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Marisa

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Joined: 21 Jan 2010
Posts: 65

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26 Dec 2013, 10:00
ForumBlogs - GMAT Club’s latest feature blends timely Blog entries with forum discussions. Now GMAT Club Forums incorporate all relevant information from Student, Admissions blogs, Twitter, and other sources in one place. You no longer have to check and follow dozens of blogs, just subscribe to the relevant topics and forums on GMAT club or follow the posters and you will get email notifications when something new is posted. Add your blog to the list! and be featured to over 300,000 unique monthly visitors

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Marisa

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Posts: 65

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27 Dec 2013, 09:00
ForumBlogs - GMAT Club’s latest feature blends timely Blog entries with forum discussions. Now GMAT Club Forums incorporate all relevant information from Student, Admissions blogs, Twitter, and other sources in one place. You no longer have to check and follow dozens of blogs, just subscribe to the relevant topics and forums on GMAT club or follow the posters and you will get email notifications when something new is posted. Add your blog to the list! and be featured to over 300,000 unique monthly visitors

_________________

Marisa

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30 Dec 2013, 11:00
 FROM Veritas Prep Admissions Blog: Terminating Decimals in Data Sufficiency on the GMAT Last week, we discussed the basics of terminating decimals. Let me review the important points here:-  To figure out whether the fraction is terminating, bring it down to its lowest form.-  Focus on the denominator – if it is of the form 2^a * 5^b, the fraction is terminating, else it is not. Keeping this in mind, let’s look at a couple of DS questions on terminating decimals.Question 1: If a, b, c, d and e are integers and m = 2^a*3^b and n = 2^c*3^d*5^e, is m/n a terminating decimal?Statement 1: a > cStatement 2: b > dSolution:Given: a, b, c, d and e are integersQuestion: Is m/n a terminating decimal?Or Is (2^a*3^b)/(2^c*3^d*5^e)?We know that powers of 2 and 5 in the denominator are acceptable for the decimal to be terminating. If there is a power of 3 in the denominator after reducing the fraction, then the decimal in non- terminating. So our question is basically whether the power of 3 in the denominator gets canceled by the power of 3 in the numerator. If b is greater than (or equal to) d, after reducing the fraction to lowest terms, it will have no 3 in the denominator which will make it a terminating decimal. If b is less than d, even after reducing the fraction to its lowest terms, it will have some powers of 3 in the dominator which will make it a non-terminating decimal.Question: Is b >= d?Statement 1: a > cThis statement doesn’t tell us anything about the relation between b and d. Hence this statement alone is not sufficient.Statement 2: b > dThis statement tells us that b is greater than d. This means that after we reduce the fraction to its lowest form, there will be no 3 in the denominator and it will be of the form 2^c * 5^e only. Hence it will be a terminating decimal. This statement alone is sufficient.Answer (B)Now onto another DS question.Question 2: If 0 < x < 1, is it possible to write x as a terminating decimal?Statement 1: 24x is an integer.Statement 2: 28x is an integer.Solution:Given: 0 < x < 1Question: Is x a  terminating decimal?Again, x will be a terminating decimal if it is of the form m/(2^a * 5^b)Statement 1: 24x is an integer.24x = 2^3 * 3 * x = m (an integer)x = m/(2^3 * 3)Is x a terminating decimal? We don’t know. If m has 3 as a factor, x will be a terminating decimal. Else it will not be. This statement alone is not sufficient.Statement 2: 28x is an integer.28x = 2^2 * 7 * x = n (an integer)x = n/(2^2 * 7)Is x a terminating decimal? We don’t know. If n has 7 as a factor, x will be a terminating decimal. Else it will not be. This statement alone is not sufficient.Taking both together,m/24 = n/28m/n = 6/7Since m and n are integers, m will be a multiple of 6 (and thereby of 3 too) and n will be a multiple of 7. So x will be a terminating decimal.Answer (C)Karishma, a Computer Engineer with a keen interest in alternative Mathematical approaches, has mentored students in the continents of Asia, Europe and North America. She teaches the GMAT for Veritas Prep and regularly participates in content development projects such as this blog!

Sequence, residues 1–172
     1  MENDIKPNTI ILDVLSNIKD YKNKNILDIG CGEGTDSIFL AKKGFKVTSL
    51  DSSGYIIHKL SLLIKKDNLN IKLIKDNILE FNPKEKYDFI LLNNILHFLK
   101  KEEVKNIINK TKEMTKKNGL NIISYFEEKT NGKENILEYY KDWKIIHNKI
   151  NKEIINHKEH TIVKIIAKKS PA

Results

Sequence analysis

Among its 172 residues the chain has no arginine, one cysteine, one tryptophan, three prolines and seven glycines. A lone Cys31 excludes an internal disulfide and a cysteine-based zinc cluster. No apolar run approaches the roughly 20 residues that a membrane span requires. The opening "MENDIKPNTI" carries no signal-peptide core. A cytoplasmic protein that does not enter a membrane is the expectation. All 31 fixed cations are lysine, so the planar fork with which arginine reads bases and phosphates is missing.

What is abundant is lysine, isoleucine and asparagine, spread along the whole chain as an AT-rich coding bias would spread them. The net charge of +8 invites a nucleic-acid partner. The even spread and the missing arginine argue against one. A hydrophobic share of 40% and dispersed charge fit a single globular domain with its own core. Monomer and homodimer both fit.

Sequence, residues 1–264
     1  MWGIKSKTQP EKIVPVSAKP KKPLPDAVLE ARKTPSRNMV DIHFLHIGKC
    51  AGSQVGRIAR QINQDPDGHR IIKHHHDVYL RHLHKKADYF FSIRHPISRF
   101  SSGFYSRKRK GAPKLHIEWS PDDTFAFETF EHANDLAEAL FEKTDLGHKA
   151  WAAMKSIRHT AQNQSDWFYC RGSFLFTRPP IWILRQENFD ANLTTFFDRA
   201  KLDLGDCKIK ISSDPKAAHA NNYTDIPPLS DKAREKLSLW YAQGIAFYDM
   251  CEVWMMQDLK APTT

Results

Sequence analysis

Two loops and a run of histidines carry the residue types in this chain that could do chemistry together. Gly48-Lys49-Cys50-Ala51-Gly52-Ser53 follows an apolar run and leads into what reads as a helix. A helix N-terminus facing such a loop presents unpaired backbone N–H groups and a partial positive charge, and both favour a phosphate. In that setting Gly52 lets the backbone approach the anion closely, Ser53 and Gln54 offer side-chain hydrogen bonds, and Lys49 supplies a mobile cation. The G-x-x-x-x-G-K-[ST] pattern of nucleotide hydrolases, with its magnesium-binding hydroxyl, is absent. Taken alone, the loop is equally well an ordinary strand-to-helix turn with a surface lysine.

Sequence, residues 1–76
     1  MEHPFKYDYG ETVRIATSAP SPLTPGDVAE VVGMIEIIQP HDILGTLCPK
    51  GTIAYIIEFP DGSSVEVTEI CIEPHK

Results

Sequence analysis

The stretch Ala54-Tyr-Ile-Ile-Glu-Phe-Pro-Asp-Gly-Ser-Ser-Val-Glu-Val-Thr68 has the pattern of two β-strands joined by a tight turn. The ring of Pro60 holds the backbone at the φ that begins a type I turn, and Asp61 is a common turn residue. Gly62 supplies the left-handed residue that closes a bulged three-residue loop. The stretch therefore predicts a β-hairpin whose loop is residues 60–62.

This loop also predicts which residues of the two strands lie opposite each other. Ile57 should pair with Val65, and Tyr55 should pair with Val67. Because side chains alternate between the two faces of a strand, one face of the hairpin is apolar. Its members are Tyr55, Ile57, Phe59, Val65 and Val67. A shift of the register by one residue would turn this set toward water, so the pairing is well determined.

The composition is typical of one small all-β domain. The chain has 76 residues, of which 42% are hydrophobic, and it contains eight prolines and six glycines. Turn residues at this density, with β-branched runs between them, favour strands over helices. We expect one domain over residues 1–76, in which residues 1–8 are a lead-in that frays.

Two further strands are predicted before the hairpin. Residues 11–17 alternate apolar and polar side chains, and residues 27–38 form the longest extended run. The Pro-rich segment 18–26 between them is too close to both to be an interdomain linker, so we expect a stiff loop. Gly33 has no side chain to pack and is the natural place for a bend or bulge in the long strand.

ForumBlogs - GMAT Club’s latest feature blends timely Blog entries with forum discussions. Now GMAT Club Forums incorporate all relevant information from Student, Admissions blogs, Twitter, and other sources in one place. You no longer have to check and follow dozens of blogs, just subscribe to the relevant topics and forums on GMAT club or follow the posters and you will get email notifications when something new is posted. Add your blog to the list! and be featured to over 300,000 unique monthly visitors

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Marisa

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31 Dec 2013, 09:00
 FROM Veritas Prep Admissions Blog: Test Prep and Admissions: The Best of 2013 There goes another year. Faster than you can say “99th-percentile instructors,” 2013 has come and gone, leaving in its wake a trail of excellent Veritas Prep blog articles. As we start to wrap up the year here at Veritas Prep HQ, wrap our Secret Santa gifts, and prepare to break in the new hires at our annual holiday party, we thought this would be a good time to share some of our biggest news and most popular articles from the past year.We hope that this blog has provided you with some useful insights as you have prepared the GMAT or SAT, or as you have slaved over your applications. Sometimes we have a little fun, and sometimes we veer off topic to talk about what interests us, but everything written here comes from the same place: We want to help you get into the best possible universities and graduate schools you can get into!Without further ado, here is the Best of the Veritas Prep Blog, 2013 edition:Thanks for reading! We hope you were helped a lot, and entertained at least a little bit. Have a wonderful and safe holiday, and we will see you in 2014!By Scott Shrum
ForumBlogs - GMAT Club’s latest feature blends timely Blog entries with forum discussions. Now GMAT Club Forums incorporate all relevant information from Student, Admissions blogs, Twitter, and other sources in one place. You no longer have to check and follow dozens of blogs, just subscribe to the relevant topics and forums on GMAT club or follow the posters and you will get email notifications when something new is posted. Add your blog to the list! and be featured to over 300,000 unique monthly visitors

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Marisa

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01 Jan 2014, 18:00
ForumBlogs - GMAT Club’s latest feature blends timely Blog entries with forum discussions. Now GMAT Club Forums incorporate all relevant information from Student, Admissions blogs, Twitter, and other sources in one place. You no longer have to check and follow dozens of blogs, just subscribe to the relevant topics and forums on GMAT club or follow the posters and you will get email notifications when something new is posted. Add your blog to the list! and be featured to over 300,000 unique monthly visitors

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Marisa